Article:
Fig:LNG carrier underway
Other proactive risk management approaches can
help reduce both the potential for and hazards of
such events. These include:
i) improvements in ship and terminal safety/security systems including improved
surveillance, tank and insulation upgrades,
tanker standoff protection systems;
ii) modifications and improvements in LNG
tanker escorts, extension of vessel movement control zones, and safety operations
near ports and terminals;
iii) improved surveillance and searches of tugs,
ship crews, and vessels;
iv) redundant or offshore mooring and
offloading systems; and
v) improved emergency response systems to
reduce fire and dispersion hazards and
improved emergency response coordination and communication.
Risk prevention and mitigation techniques are
especially useful in zones where the potential
impact on public safety and property can be high.
The hazards of brittle fracture, rapid phase transitions, and explosions in confined ship spaces, as well
as cascading events that may result from the extreme
fire exposure a ship would experience if a nominal
12,500 m3 spill on water around the ship was ignited,
will require careful consideration. The definition of
The majority of liquefied gases are clean, non-polluting, products and
create no danger to the marine environment. If however certain
liquefied gases spill on to the sea you should be aware that they may:
- create large quantities of vapour sea water rapidly vapourises
the liquid gas- which may cause a fire or explosion or a health
generate toxic vapours, which can drift, sometimes over a
- dissolve in seawater and cause local pollution
The Data Sheets will give information on pollution, if any
Pollution is most likely to occur during cargo or bunkering operations:
if the operation is not correctly monitored
if the cargo hose or loading arm connections are not properly
when disconnecting cargo lines that have not been drained.
if moorings are not checked and excessive strain is placed on the
cargo connections or the ship "breaks out" of the berth.
if cargo equipment is not properly maintained
Any spillage of LNG on any steelwork, unless stainless steel or wood-sheathed, will cause stresses
and it is most likely serious brittle fractures will occur.
As soon as any leak or spill of LNG is exposed to ambient temperatures, the liquid will vaporise or
‘boil-off’. This vaporisation will occur in two phases. Initially, for a period of from 20-30 seconds,
there will normally be a high rate of boiling as the heat for vaporisation is taken from the liquid
spill itself and the immediate surrounding areas. Secondly, the cold vaporised gas begins to
insulate the liquid surface and the evaporation rate will level off at a lower steady rate depending
on how quickly heat can be transferred to the LNG from the surrounding area. This vaporisation
rate may be increased by:
- Continuing leakage, i.e. greater volume exposed to atmosphere.
- Application of water.
- Ignition, i.e. greater heat flow to the liquid.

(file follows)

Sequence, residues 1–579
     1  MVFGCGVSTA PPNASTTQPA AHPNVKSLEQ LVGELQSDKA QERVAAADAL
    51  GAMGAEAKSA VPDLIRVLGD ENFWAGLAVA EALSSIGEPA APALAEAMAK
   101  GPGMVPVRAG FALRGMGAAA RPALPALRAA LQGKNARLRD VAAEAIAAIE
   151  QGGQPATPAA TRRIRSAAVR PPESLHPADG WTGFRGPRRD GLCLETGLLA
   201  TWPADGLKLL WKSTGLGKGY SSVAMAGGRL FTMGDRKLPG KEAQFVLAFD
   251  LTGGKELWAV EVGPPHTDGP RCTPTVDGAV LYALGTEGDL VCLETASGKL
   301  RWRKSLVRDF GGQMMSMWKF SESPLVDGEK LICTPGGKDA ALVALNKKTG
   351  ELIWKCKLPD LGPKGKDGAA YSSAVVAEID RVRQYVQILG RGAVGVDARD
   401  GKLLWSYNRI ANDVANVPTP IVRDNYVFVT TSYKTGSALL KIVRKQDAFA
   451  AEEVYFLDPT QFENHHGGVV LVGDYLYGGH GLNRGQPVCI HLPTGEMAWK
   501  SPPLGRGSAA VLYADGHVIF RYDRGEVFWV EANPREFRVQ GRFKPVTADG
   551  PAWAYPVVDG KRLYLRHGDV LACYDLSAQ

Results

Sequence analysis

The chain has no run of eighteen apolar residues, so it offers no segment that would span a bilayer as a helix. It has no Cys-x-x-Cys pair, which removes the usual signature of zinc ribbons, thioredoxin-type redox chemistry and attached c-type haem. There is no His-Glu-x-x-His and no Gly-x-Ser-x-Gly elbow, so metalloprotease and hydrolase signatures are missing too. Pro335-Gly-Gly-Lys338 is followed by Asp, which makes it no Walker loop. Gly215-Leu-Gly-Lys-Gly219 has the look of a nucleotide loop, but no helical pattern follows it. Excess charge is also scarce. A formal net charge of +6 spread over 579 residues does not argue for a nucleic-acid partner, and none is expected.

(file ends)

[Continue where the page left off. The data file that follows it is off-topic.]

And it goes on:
- Agitation of the surface.
Thus, spraying an un-ignited spillage of LNG with water will speed up the vaporisation and reduce
the hazards of cold fractures, fire or ignition. Alternatively, spraying with water on to LNG which
has been ignited will increase the vaporisation rate and hence the burning rate. The use of solid
water jets on LNG spills may cause splashing, leading to cold fractures or frost burns or, if ignited,
may seriously aggravate the fire.
Immediately after vaporisation, natural gas is 1·4 times heavier than air. As the gas warms, its
density will decrease, becoming the same as air at approximately –120°C and reaching the value of
0·55 at 15oC. There may, therefore, be a tendency for cold vapours to form a layer around the
spill in a similar manner to other hydrocarbon gases. Fortunately, this layering will normally be
visible due to the condensation of atmospheric moisture.
However, unlike other hydrocarbon
gases, natural gas quickly becomes buoyant and, except in enclosed spaces, will rise and disperse
rapidly as it warms. This dispersion is further aided by the very rapid diffusion properties of
methane in air. Where spills may have entered enclosed spaces, it is important to recognise that
gas pockets may become trapped near deckhead structures, etc.
In the case of a leakage or spillage of LNG, the following general procedure should be followed:
- Isolate source of LNG. If loading/discharging, the ESD system should be activated.
- Summon assistance.
- Protect the hull from risk of cold fracture.
- Speed vaporisation to minimise ignition risk.
The exact procedure will depend upon the nature of the incident, inclusive of size of spill, location,
ambient conditions and ignition risks.
Where LNG spills onto water, Rapid Phase Transition may occur causing loud bangs similar to ones
that may be heard during an explosion. However, there are no flames or explosion when this
Defining various gas carrier types
Fuel flexibility of LNG ships
Procedures for LNG cargo loading
Liquefied gases - Properties And Hazards
Safety guideline for changing previous cargo
Reactivity of liquefied gas cargo
Initial Cool Down of cargo tanks
Procedures for LNG cargo loading
Procedures for LNG cargo discharging
Preventive measures against liquefied gas spillage
- Liquefied gas carrier safety training
- Leaks on the Cargo System, Continuous Flow - how to prevent
- Personal protective equipments for people working onboard gas carriers
- LNG tank leaks and immediate action by gas carriers
- Minor or major leaks from LNG tanks
- Initial Cool Down of cargo tanks
- Leaks from a Loading Arm due to Tidal or Current Effects
External links :
LNG industry online training company
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